Why Investing in Career Development Can Save Your Budget
The precarity of our economy has made employee retention one of all managers’ top concerns this year. Unemployment may be low, but wages are about the same, which means talented recruits have more options than ever if they’re dissatisfied with their current position. Instructure’s survey released earlier this month shows that 70% of US employees say they’re somewhat likely to leave their current company and not because of the cash flow.
Many managers feel the same way about onboarding and retention that I feel about fabric softener. It costs more than it should, but it keeps everything smooth, clean, and comfortable.
Yet when budgets get tight, retention often comes out of focus and everyone gets a little stiff. The fabric softener gets watered down. Onboarding is associated with dollar signs, a funnel of money where the only thing that you’re selling is yourself to your prospective recruits, and maybe trying to smell nice along the way.
But it turns out that recruiting and retaining top workers isn’t always about the money. The current economy has indeed made retention a huge issue that deserves adequate investment. However, such investments may be closer to home, and even more budget-friendly, than you think.
The Cost of Career Development
Instructure and the Harris Poll teamed up to survey 310 employers and 1,443 full-time employees about satisfaction, retention, and career development. The results reveal a striking disconnect between employers and their talent when it comes to investing in employees.
98% of the employers surveyed said that they offer career development tools, and 69% expressed that they feel development is important to retention. However, only 26% of employees rated the career development tools being offered as effective. That’s right, Instructure reminds readers that “employees give an F to their employers for employee development.”
Career development is one of the leading reasons that people leave jobs, second to compensation, of course. No matter how much money you can throw at people--which these days, is not much anyway--they will still be dissatisfied if there’s no opportunity for development. This is in part because of shifting values in the workforce, where millennials, in particular, are seeking quality over quantity.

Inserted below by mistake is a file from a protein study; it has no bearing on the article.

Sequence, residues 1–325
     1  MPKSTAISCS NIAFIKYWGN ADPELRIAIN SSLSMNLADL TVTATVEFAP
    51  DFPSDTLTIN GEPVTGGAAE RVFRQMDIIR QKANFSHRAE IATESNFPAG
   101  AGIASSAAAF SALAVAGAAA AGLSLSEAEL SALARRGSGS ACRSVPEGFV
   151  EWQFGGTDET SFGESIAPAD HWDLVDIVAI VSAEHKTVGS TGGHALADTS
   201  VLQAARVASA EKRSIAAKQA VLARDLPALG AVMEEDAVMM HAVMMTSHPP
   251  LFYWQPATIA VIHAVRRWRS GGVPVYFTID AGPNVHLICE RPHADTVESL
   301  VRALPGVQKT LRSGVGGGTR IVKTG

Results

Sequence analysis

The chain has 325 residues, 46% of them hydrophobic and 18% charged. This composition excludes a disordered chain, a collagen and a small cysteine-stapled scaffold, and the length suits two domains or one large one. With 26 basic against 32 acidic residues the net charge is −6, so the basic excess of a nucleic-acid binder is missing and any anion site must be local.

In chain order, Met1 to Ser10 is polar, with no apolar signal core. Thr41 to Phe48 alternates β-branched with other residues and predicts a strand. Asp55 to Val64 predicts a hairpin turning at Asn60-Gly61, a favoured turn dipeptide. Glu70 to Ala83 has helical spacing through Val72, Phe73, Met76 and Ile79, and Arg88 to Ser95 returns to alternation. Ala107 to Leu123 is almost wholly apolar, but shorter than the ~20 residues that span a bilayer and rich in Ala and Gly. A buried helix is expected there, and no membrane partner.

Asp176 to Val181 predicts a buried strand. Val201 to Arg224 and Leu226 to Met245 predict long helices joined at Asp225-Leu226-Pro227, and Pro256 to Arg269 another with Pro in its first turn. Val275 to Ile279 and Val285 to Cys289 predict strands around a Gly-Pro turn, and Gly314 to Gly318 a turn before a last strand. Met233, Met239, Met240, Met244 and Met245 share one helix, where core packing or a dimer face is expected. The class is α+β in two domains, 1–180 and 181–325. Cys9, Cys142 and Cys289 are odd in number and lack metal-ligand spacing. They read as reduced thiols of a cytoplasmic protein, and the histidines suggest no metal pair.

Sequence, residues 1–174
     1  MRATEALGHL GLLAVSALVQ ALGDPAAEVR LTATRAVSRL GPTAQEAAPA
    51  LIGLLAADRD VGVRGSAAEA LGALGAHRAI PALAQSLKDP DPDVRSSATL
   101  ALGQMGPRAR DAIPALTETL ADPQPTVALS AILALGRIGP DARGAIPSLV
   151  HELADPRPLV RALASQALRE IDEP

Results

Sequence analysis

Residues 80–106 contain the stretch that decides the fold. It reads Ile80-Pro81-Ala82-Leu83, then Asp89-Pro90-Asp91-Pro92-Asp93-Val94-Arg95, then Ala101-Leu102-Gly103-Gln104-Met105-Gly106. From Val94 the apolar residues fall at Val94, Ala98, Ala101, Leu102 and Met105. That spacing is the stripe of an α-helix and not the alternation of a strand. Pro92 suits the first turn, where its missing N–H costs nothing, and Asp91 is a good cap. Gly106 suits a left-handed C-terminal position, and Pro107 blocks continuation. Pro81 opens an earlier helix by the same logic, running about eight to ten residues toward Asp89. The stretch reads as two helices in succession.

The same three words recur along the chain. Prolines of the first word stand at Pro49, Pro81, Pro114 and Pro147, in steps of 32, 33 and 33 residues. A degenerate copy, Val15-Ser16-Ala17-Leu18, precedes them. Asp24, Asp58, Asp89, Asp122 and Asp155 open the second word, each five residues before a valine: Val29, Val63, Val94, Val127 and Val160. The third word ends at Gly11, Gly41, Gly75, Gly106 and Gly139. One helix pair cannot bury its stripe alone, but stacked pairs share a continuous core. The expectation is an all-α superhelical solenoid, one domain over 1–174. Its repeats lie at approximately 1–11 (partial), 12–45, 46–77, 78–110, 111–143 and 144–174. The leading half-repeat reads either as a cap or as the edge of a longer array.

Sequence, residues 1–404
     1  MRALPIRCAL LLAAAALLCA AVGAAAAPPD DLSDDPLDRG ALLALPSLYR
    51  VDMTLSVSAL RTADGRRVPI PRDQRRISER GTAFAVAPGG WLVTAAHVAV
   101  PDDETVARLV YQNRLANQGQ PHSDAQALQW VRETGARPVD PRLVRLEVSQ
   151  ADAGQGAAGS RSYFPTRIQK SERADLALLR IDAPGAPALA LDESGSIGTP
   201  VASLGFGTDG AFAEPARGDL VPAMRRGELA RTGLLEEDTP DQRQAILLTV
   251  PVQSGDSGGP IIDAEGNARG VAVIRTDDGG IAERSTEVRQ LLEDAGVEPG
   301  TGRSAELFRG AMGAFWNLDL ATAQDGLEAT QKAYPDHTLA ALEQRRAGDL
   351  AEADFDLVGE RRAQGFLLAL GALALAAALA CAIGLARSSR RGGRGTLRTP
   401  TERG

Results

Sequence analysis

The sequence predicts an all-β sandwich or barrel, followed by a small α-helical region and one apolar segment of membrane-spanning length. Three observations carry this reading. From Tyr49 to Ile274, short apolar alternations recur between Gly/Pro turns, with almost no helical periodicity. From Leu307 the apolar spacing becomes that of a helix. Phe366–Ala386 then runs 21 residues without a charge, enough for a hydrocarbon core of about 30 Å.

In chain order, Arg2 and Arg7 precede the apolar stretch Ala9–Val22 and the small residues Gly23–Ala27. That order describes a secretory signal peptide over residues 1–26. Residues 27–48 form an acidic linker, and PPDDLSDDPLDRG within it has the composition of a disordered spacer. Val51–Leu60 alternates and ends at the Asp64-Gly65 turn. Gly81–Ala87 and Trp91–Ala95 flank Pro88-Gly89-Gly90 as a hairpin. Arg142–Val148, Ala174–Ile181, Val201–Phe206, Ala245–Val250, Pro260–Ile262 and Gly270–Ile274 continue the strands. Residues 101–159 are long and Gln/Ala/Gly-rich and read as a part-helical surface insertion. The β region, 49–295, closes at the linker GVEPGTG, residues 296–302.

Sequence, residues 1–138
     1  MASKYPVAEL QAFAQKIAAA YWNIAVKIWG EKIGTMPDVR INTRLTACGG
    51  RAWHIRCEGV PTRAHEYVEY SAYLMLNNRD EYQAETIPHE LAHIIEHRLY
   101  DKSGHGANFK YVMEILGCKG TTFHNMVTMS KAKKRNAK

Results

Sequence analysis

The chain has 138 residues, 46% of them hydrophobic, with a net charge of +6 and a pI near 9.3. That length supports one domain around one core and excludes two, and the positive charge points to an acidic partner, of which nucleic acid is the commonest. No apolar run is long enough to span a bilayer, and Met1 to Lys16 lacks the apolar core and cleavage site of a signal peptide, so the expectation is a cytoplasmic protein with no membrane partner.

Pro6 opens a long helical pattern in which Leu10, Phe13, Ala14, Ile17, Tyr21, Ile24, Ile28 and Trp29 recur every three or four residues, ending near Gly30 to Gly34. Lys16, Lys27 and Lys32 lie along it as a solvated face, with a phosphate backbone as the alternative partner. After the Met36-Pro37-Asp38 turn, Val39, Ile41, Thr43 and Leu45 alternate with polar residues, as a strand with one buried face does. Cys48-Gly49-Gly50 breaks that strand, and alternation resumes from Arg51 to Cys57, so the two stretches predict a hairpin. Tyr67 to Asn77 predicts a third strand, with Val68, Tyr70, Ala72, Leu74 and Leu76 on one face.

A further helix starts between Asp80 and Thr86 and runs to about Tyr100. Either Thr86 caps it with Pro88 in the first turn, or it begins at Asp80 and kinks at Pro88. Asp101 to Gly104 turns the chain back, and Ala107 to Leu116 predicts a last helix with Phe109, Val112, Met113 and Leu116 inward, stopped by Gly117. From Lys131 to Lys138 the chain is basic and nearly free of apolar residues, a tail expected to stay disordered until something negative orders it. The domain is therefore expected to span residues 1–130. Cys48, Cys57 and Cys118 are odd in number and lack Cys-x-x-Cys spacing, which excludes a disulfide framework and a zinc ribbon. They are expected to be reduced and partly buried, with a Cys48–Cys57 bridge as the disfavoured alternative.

That means a majority of the workforce is already scrutinizing their employer’s use of resources, and with current unemployment rates, won’t hesitate to look for better opportunities elsewhere. Three out of four employees told Instructure they “feel like they’re on their own” when it comes to career development and are forced to take it into their own hands.
Bridging Development Without Busting Budgets
In these circumstances, employee turnover, not retention and investment, is the real budget buster. Compared to the ghastly costs of turnover, the cost of investing in better career development opportunities is microscopic.
The average cost to fill a position can range anywhere from $3,000 to $18,000 and up, and if recent research is any indication, the cost is only going to grow. Last year’s National Retention Report showed that turnover costs will increase to $680 billion overall by 2020.
That’s why, in light of recent findings, balancing your budget and retaining employees requires a development strategy that supports employer, manager, and employee alike. And chances are, unlike complete turnover, it won’t cost everyone billions.
An adequate employee development strategy isn’t focused on bells and whistles, team-building activities, or one or two cool pieces of software. Development should stretch all across the board to include proactive coaching, long-term goal setting, and steady feedback with open dialogue between managers and their teams.
These are large changes of culture that don’t come with a huge price tag but do come with some hefty benefits--including keeping your best talent for the long haul by tangibly demonstrating investment in them.